As I mentioned last week in my blog that gold is regaining its safe haven appeal, this week we saw this sentiment strengthening further.
Gold was like literally all over the world this week as we saw the yellow metal gaining its safe haven appeal in its true sense after a long wait. Sentiment in the gold market remained sturdy after prices hit a one-year high in a figurative move.
This was the third consecutive week that gold witnessed positive gains, with increasing more than 5.3%- the biggest weekly percentage gain since late October 2011.
Analysts have noted that the yellow metal’s push back above $1,200 an ounce generated a lot of focus and positive sentiment among appalling investors looking for a safe-haven.
Many analysts are bullish on gold, expecting sentiment to continue to grow as prices have broken through key technical barriers, culminating in a weekly high at $1,263.90 an ounce.
Spot gold was last at $1,240.50/1,241.20 per ounce, having rallied around 22 percent since the start of the year.
The gold price rallied to a high on Thursday of $1,263.30 per ounce, up five percent and it’s strongest since February 6 last year when it peaked at $1,268.90.
Since this rally came in suddenly, there were many investors that missed on to bank on the gains. The speed of the rally and its strength suggest many would-be investors have been chasing prices, having not been able to take advantage earlier in the rally – they had lost faith in gold as a safe-haven given the four-year bear market.
This volatility was influenced by more than one factor. It was a combined effort of the following-
Dollar- Sentiment towards gold has changed dramatically, and gold has even moved up on some days in the face of a dollar rally. With a change in sentiment, those underweight or waiting on the sidelines started buying gold which furtherer fuelled gold prices.
The precious metal benefitted from a softer dollar, which had failed to attract safe-haven demand despite the global instability – the currency was last trading at a four-month low at $1.1349 against the euro.
A softer dollar is making gold more affordable for holders of other currencies – it has fallen around four percent this month, having already rallied strongly over the past 14 months – the dollar index climbed to 100.50 in December from around 70 in January last year and was last at 95.58.
Fed- As part of a two-day congressional hearing, Federal Reserve Chairwoman Janet Yellen attempted to reassure markets that US growth was steady and the labor market was improving.
Yellen and her fellow colleagues are being criticized for exacerbating the instability after raising rates in December – rates were static around 0 percent since December 2008.
And the US Federal Reserve, having raised rates in December for the first time in nine years, has not ruled out a push into negative territory. The chances of further rises this year have receded significantly, according to market consensus.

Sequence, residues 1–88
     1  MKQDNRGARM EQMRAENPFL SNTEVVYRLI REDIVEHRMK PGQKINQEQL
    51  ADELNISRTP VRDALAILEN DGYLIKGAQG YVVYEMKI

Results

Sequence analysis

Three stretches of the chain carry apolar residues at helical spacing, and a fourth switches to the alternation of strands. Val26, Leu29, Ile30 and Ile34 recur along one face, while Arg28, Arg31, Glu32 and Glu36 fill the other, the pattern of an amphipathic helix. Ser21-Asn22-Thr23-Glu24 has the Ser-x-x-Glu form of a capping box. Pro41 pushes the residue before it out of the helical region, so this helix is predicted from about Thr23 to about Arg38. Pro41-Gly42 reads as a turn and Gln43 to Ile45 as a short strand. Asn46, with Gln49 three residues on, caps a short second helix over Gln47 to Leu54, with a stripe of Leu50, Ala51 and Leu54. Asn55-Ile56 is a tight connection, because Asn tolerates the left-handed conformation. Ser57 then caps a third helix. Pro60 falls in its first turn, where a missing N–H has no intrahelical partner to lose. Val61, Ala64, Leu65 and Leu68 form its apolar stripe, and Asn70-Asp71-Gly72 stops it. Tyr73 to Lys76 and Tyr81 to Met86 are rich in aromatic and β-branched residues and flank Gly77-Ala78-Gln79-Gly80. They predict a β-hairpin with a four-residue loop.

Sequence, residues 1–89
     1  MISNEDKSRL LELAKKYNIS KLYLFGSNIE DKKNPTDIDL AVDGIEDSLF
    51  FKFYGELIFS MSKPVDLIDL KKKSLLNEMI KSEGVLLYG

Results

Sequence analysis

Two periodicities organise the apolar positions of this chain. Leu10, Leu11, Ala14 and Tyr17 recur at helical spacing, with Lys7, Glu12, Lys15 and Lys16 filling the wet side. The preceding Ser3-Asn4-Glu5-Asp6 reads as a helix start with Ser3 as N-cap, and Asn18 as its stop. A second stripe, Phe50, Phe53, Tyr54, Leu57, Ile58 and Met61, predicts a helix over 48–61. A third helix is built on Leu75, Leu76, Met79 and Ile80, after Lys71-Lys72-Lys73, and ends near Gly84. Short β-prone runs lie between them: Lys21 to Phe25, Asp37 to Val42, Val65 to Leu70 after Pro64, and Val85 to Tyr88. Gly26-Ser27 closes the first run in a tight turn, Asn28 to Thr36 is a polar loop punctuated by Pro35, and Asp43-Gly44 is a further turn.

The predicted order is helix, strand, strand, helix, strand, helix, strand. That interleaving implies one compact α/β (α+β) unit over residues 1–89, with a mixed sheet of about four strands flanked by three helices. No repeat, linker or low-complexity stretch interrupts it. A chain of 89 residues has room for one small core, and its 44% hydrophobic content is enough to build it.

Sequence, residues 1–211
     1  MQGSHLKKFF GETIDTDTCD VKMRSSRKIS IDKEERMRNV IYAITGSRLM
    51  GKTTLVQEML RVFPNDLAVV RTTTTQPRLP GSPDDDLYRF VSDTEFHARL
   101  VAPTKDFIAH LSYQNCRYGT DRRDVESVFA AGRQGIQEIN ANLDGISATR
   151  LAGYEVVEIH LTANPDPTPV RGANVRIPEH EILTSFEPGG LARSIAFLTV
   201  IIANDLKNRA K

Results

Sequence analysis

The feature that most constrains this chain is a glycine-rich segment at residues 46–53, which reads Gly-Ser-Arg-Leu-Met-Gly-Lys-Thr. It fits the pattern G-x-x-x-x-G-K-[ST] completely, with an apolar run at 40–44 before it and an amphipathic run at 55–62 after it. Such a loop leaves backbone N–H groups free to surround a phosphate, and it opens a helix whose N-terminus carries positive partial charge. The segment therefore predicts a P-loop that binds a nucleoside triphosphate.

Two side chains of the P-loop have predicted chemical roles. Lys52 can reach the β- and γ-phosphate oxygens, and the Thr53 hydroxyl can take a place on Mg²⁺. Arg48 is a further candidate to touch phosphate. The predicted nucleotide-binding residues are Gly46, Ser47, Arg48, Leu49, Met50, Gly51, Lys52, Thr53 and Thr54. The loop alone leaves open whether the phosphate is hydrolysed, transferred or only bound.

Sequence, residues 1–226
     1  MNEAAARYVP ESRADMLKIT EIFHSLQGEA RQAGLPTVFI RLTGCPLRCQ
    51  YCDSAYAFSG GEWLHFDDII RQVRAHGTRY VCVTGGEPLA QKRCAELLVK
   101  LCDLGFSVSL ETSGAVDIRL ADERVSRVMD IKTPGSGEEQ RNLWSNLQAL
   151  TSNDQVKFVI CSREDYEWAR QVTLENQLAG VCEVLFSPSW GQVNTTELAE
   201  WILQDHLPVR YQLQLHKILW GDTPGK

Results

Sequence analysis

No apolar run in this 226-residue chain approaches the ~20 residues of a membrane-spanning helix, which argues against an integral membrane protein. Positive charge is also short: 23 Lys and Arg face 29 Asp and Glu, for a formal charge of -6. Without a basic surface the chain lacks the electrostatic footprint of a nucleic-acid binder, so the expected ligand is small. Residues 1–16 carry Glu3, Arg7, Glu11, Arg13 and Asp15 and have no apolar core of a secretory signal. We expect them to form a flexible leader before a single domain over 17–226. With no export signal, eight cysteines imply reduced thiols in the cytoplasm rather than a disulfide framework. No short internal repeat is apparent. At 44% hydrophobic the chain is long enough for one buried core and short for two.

Because gold has no yield, it loses some of its luster when interest rates are rising. But negative interest rates negate this disadvantage while highlighting economic weakness against which gold is historically seen as a hedge and preferred as one of the safest modes of investments compared to its counterpart.
China- since the Chinese markets remained closed for the Lunar Celebration, there was nil reaction from that side and hence gold prices shot up one side.
With China absent from the market for its New Year holidays this week, the market now waits to see the reaction of Chinese investors upon their return on Monday, particularly as the US will be absent on this day for Presidents day.
All eyes will be glued to the return of the Chinese markets as investors are eager to see what they actually bring to the surface post this week’s volatile developments.
Equity- The gold price benefited from the meltdown in equity markets, as the yellow metal continued to hold around one-year highs. Weak equity markets have spooked investors and they promptly dumped risky assets and rushed to gold, which is seen as a safe-haven.
Uncertainty about global growth and a mass sell-off in global equity markets unsettled investors, burnishing gold’s safe-haven qualities, while Japan, Switzerland, Sweden and Denmark have adopted negative interest rates.
European Central Bank (ECB) president Mario Draghi is expected to follow suit at the bank’s March meeting, citing inconsistent growth concerns and non-existent price increases.
Since the decision, Japan lowered deposit rates into negative territory and European Central Bank President Mario Draghi is expected to implement the same policy as soon as March.
Both economic regions are struggling with poor economic growth and non-existent inflation despite billions in easy money and years of near-zero interest rates.
Negative interest rates are generally good for gold as the improbability and agony linked with negative rates tends to surge interest in gold, but the more distinct shift of monetary policy in this direction by central banks is encouraging even greater flows into bullion.
Although it is a shortened week with markets closed Monday for Presidents Day, the U.S. economic calendar will be busy with the release of regional manufacturing reports, housing sector data, and the release of the Consumer Price Index for January.
While analysts are positive on the gold market, they are not ruling out some weakness at the start of the week.